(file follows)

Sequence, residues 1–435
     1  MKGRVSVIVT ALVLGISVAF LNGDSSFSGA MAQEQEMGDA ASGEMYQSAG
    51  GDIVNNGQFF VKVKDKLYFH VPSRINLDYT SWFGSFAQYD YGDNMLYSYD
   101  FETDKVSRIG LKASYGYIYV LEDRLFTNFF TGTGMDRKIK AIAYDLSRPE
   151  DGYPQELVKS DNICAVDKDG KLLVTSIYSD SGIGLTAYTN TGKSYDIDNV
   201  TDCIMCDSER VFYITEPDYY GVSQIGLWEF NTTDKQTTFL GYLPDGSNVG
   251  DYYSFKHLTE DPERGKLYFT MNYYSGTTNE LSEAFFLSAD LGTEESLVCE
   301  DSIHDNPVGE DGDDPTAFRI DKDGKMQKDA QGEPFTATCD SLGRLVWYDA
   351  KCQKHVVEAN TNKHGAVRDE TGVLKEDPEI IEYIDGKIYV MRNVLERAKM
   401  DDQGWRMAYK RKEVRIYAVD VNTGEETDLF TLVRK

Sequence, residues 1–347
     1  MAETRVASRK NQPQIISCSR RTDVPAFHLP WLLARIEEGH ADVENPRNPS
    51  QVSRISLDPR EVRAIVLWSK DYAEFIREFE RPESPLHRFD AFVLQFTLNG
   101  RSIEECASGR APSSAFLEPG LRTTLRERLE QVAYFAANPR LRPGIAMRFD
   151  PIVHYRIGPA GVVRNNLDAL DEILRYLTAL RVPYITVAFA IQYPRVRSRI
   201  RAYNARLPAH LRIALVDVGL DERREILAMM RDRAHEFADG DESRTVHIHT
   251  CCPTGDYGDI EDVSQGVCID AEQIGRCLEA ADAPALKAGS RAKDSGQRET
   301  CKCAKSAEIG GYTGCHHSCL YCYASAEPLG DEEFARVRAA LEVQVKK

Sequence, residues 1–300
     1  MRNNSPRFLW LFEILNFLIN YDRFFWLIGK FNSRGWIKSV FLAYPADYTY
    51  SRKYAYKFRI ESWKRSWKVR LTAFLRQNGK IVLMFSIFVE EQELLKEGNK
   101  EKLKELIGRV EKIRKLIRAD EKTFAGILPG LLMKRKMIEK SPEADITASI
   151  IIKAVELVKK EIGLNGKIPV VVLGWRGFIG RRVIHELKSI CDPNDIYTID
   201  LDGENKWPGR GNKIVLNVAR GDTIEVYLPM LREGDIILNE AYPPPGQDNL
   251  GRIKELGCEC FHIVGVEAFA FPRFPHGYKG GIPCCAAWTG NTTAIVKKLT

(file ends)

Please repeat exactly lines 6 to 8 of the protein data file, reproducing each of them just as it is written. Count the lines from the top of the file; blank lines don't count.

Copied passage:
   201  TDCIMCDSER VFYITEPDYY GVSQIGLWEF NTTDKQTTFL GYLPDGSNVG
   251  DYYSFKHLTE DPERGKLYFT MNYYSGTTNE LSEAFFLSAD LGTEESLVCE
   301  DSIHDNPVGE DGDDPTAFRI DKDGKMQKDA QGEPFTATCD SLGRLVWYDA